22 Mar 2021
Uber says its 70,000 UK drivers are now guaranteed a minimum wage, holiday pay and pensions, following a long legal battle.
The ride-hailing app has accepted they are classed as "workers", in line with last month’s landmark Supreme Court ruling.
The US company’s move is expected to have far-reaching consequences for millions of people involved in the gig economy.
Uber, like many delivery and courier businesses, had argued that its drivers were independent self-employed "partners" - not entitled to basic rights enjoyed by workers.
The firm said it was now "turning the page" on workers' rights, but some said it had still not gone far enough.
Mick Rix, national officer at Uber driver union GMB, said: "Uber had to be dragged kicking and screaming to do the right thing, but finally they've agreed to follow the ruling of the courts and treat their drivers as workers.
"It's a shame it took GMB winning four court battles to make them see sense, but we got there in the end and ultimately that's a big win for our members. "GMB has consistently said we are willing to speak face to face to Uber about its treatment of drivers - our door remains open.
"Other gig economy companies should take note - this is the end of the road for bogus self-employment."
February’s Supreme Court ruling marked the end of a five-year legal battle. In 2016, following a hearing before the Central London Employment Tribunal, Judge Snelson ruled that Uber had used "fiction" and "twisted language" to mischaracterise the employment status of drivers.
Uber had argued that its only role was to provide technology services and act as an agent for the drivers. But the Supreme Court found that there was "no factual basis” for Uber's contention.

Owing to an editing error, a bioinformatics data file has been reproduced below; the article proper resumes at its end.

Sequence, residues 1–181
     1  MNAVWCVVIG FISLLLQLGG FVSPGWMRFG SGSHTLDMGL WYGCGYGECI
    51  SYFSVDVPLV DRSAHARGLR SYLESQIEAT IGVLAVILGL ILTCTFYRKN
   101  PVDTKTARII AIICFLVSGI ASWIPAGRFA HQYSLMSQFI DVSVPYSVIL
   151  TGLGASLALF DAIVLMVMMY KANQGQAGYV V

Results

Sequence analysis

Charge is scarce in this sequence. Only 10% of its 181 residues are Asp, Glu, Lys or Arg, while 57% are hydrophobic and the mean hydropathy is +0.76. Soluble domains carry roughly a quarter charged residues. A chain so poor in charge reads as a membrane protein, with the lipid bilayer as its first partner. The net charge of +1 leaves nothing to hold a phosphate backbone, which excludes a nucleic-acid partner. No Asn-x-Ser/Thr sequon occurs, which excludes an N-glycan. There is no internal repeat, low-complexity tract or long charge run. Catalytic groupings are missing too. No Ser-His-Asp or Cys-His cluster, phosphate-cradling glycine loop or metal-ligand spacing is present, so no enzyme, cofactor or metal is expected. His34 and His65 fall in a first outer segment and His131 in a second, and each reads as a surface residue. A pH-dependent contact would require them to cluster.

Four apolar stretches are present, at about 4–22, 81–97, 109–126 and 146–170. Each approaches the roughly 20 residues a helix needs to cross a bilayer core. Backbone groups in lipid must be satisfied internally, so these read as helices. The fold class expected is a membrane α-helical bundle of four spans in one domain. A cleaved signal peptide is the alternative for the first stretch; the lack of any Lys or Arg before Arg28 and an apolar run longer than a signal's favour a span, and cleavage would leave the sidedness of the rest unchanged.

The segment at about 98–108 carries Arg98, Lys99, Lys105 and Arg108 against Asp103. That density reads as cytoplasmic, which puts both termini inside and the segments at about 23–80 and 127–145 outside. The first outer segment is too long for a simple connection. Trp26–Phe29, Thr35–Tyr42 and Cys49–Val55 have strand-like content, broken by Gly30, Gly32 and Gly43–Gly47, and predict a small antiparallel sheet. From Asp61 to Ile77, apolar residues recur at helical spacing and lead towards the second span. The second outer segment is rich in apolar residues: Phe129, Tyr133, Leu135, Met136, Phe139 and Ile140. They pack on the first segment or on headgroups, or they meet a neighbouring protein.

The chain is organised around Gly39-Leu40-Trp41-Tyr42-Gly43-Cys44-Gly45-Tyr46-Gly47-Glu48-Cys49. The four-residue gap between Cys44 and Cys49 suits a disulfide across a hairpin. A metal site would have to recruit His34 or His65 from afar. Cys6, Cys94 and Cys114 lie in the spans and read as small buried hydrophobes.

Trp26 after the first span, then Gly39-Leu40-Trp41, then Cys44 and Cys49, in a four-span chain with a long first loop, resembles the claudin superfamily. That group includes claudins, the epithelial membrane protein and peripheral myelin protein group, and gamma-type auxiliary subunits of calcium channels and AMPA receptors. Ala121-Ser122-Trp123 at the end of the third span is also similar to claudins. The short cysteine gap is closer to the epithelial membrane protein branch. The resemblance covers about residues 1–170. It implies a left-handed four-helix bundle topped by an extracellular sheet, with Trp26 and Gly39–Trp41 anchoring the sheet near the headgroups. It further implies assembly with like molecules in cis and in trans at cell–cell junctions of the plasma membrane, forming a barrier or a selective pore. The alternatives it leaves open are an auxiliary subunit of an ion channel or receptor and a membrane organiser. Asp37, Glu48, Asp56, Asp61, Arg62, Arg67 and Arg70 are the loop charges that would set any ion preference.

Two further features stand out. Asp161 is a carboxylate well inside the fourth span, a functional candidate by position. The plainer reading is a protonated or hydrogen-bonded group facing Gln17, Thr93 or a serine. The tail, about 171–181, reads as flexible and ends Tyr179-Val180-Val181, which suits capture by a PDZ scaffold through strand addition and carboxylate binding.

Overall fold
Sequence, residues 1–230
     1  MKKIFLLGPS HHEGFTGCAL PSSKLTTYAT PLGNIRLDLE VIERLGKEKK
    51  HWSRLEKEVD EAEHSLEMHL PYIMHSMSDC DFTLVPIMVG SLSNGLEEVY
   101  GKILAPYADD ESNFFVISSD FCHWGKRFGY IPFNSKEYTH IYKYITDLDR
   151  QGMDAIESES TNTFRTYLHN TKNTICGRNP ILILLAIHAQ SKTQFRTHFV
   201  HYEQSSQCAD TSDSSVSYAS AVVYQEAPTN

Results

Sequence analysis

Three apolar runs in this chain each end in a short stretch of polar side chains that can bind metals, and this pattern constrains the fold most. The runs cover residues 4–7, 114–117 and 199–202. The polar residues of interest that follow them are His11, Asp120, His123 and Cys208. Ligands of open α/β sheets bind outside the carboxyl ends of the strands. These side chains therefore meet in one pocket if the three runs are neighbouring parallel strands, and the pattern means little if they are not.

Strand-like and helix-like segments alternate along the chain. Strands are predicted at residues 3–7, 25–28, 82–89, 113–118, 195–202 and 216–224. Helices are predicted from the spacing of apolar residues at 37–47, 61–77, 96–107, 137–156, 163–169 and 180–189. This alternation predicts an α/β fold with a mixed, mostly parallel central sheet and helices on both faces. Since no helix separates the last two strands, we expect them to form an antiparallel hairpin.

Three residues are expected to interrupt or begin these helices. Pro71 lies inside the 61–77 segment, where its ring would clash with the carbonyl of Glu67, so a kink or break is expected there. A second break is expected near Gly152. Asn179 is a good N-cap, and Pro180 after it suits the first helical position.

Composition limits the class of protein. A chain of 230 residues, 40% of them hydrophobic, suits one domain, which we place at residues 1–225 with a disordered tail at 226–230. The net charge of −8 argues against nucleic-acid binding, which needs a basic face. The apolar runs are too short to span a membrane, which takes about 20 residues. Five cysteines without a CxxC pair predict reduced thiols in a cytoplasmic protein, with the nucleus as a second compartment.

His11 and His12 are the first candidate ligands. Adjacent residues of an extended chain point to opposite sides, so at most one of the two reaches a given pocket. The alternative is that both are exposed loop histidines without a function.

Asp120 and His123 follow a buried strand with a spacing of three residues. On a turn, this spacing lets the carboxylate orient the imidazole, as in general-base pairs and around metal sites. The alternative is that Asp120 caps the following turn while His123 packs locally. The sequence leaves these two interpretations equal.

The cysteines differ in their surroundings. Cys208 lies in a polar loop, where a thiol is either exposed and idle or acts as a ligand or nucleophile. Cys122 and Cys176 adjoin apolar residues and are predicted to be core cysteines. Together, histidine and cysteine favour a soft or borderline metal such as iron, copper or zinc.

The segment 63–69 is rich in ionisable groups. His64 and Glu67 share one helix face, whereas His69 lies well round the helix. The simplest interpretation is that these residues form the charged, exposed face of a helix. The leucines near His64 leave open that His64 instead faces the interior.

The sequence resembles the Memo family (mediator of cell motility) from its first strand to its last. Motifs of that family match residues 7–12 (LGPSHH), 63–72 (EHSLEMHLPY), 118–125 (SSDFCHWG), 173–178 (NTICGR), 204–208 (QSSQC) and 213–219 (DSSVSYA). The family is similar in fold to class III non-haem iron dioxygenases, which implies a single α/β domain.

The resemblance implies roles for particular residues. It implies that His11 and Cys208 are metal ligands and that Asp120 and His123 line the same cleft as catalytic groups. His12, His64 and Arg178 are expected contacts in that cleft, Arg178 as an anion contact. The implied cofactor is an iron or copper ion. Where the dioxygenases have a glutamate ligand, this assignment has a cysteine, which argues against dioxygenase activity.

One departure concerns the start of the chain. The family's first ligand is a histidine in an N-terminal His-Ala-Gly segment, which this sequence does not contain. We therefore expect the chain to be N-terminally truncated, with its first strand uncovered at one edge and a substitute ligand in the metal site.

However, despite Uber's latest announcement, the App Drivers & Couriers Union claimed that drivers were still being short-changed. It stated that Uber had said minimum wage and holiday pay would only accrue from when a trip was accepted to when a passenger was dropped off, not the whole time drivers were logged on to its app - the working time laid out by the Supreme Court.
The union claimed this meant that Uber drivers could miss out on up to 50% of potential earnings.
Nicola Gray, an employment law partner with Aberdein Considine, said the Supreme Court ruling brought a serious warning to businesses operating in the gig economy. "Tribunals are now obliged to adopt a purposive approach when interpreting the legislation governing worker protection in the UK," she said.
"This is achieved by looking at the practical arrangements between the parties, rather than the contract as a starting point to determine the status of such individuals.
"In this case, the Supreme Court emphasised five findings of the Court of Appeal to justify the determination of 'worker status' - including the degree of control retained by Uber and the imbalance of power in 'agreeing' the driver's contract with Uber."
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